This Is Burning Man
Updated: Jul 20, 2019
Every August, Burning Man Organization lays out the framework for a city. This infrastructure includes streets, emergency medical services, a radio station (BMIR 94.5), latrines, and a center camp where ice, coffee, and other non-alcoholic beverages can be purchased. Once complete, over 70,000 people descend on Black Rock City (BRC) and call it home for a week. The city’s daily operations are performed through the generosity of volunteers, long-time burners who are so in love with the concept that they dedicate themselves to making sure it runs smoothly. There are no rules in BRC, only principles, and these 10 commandments comprise the ethos that has allowed the event to live on perennially since 1986. The Organization does not cater activities for the city dwellers. Rather, the colossal art projects, sound stages, workshops, lectures, and parties are provided by the city’s inhabitants, people who have paid an entrance fee for the sole opportunity to display their talents or provide a service. This is Burning Man.
As you might expect, the city is massive, with more goings-on than you could possibly fit into a week. Participants navigate the city primarily by bicycle, and a typical day might include breakfast sandwiches, mimosas, learning to throw knives, workshops on tantric sex and neuroscience, a psychedelic experience, yoga, and bouncing along to the bass-driven set of a world-renowned DJ at sunrise. The lack of structure, the intense sexual energy, and the liberal use of drugs and alcohol might lead you to think that the event is ridden with crime and violence. On the contrary, most attendees — women included — feel safer in BRC than they do in the “default world”, the euphemism for life outside of Burning Man. Acting outside of Burning Man’s 10 principles is nothing short of blasphemy, and violations simply aren’t tolerated.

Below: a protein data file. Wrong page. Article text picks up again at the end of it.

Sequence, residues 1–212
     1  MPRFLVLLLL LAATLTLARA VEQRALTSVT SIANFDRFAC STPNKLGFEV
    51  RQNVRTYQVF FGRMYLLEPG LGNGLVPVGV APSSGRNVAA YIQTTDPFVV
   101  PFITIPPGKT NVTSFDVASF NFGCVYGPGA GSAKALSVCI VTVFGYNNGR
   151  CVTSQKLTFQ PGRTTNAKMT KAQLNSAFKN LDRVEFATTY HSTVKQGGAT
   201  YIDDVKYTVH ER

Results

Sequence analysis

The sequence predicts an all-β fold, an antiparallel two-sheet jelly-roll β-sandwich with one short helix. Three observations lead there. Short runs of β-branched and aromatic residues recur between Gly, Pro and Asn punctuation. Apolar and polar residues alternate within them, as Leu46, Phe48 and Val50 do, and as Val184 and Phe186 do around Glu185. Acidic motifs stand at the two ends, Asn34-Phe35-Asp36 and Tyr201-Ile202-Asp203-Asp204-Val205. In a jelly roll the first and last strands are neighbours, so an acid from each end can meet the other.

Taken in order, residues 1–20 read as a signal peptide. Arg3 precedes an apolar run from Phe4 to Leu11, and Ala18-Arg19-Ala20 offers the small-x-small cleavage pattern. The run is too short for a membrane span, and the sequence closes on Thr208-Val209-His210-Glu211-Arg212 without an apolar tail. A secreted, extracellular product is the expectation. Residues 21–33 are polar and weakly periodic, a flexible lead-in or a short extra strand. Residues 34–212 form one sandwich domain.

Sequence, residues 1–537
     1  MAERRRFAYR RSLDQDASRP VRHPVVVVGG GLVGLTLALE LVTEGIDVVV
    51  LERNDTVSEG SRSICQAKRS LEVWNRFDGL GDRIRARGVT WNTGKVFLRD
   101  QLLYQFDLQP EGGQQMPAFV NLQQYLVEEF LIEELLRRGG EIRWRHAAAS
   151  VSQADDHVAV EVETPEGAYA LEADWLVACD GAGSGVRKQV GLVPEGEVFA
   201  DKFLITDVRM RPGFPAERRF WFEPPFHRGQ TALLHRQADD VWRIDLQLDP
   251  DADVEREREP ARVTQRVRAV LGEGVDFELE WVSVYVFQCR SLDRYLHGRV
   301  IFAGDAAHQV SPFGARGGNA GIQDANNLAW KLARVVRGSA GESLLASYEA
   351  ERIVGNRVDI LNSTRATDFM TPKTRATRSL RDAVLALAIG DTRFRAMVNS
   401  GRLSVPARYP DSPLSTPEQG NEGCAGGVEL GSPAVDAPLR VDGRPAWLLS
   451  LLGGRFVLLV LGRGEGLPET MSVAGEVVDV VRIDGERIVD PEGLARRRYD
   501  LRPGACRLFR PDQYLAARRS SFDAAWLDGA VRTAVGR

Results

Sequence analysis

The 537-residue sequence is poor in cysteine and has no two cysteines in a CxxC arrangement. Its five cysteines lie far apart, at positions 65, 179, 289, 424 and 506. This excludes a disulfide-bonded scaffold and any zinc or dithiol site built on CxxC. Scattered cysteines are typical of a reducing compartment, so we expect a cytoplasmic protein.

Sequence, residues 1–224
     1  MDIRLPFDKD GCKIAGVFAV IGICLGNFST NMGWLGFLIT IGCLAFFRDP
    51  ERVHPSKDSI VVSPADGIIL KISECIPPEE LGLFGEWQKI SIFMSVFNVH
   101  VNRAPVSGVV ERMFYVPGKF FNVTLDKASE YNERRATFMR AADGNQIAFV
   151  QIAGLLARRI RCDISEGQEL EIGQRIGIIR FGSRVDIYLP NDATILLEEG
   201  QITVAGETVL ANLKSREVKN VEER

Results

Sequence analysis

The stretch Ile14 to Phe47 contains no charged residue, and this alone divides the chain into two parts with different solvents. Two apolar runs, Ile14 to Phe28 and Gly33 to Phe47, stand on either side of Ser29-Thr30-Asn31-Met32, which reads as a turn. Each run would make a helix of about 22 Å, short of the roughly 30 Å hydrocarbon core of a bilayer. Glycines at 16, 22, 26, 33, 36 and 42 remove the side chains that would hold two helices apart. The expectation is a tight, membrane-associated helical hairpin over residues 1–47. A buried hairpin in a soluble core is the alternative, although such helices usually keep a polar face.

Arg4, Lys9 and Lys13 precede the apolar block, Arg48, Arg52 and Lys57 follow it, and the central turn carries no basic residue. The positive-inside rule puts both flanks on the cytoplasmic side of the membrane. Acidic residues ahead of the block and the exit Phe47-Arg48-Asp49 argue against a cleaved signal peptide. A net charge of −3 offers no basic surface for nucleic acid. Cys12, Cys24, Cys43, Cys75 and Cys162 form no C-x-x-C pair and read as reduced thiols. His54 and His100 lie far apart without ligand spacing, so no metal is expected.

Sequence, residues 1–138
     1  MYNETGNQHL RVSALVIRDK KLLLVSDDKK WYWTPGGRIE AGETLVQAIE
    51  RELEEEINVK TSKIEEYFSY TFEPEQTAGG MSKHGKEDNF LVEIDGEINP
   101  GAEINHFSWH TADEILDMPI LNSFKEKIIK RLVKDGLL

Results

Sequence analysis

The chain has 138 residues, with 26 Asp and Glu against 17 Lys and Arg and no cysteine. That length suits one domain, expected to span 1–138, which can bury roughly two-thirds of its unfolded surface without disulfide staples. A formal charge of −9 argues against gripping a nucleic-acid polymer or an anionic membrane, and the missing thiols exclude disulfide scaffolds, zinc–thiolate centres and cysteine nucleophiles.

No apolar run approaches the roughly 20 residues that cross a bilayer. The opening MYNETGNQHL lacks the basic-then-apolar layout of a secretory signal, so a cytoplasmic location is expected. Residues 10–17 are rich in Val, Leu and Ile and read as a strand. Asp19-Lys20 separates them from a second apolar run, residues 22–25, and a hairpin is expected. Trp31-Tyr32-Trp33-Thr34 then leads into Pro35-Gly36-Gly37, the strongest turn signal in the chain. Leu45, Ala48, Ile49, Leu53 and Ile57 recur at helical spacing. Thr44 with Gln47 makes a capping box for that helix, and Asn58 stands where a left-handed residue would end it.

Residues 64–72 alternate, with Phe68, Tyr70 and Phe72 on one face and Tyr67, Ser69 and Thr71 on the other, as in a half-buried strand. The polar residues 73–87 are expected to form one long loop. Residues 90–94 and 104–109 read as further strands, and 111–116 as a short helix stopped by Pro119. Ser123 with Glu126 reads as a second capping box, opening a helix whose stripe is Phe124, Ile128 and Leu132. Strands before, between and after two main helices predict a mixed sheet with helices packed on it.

So what’s the deal? How could such an inhospitable place, with its dust storms, lack of running water and electricity, and constant loud noise conceivably be experienced as a utopia by its ever-growing number of devotees?
Lastly, no rundown of BRC is complete without an introduction to the gifting economy. No currency is exchanged in BRC; nor is bartering expected. The Playa provides for all of your needs. A grilled cheese sandwich, ice cold lemonade, or aspirin is never far from reach exactly when you need it. When an entire city operates on the principle of giving unconditionally without expecting anything in return, egalitarianism develops naturally, and, as such, its citizens are happier and wealthier as a whole.
My wife and I plan to return next year and every year that follows. Our first burn was magic. We were reunited with our late fathers. We mustered up the courage to enter the Orgy Dome. We gifted and accepted prized possessions. We shared our most personal insecurities with strangers. We danced ourselves dry after showering in a room filled with people of all ages, sizes, and colors. We made numerous lifelong friends. And we realized that we have been deeply in love for many lives past.
This is Burning Man. See you in 2019.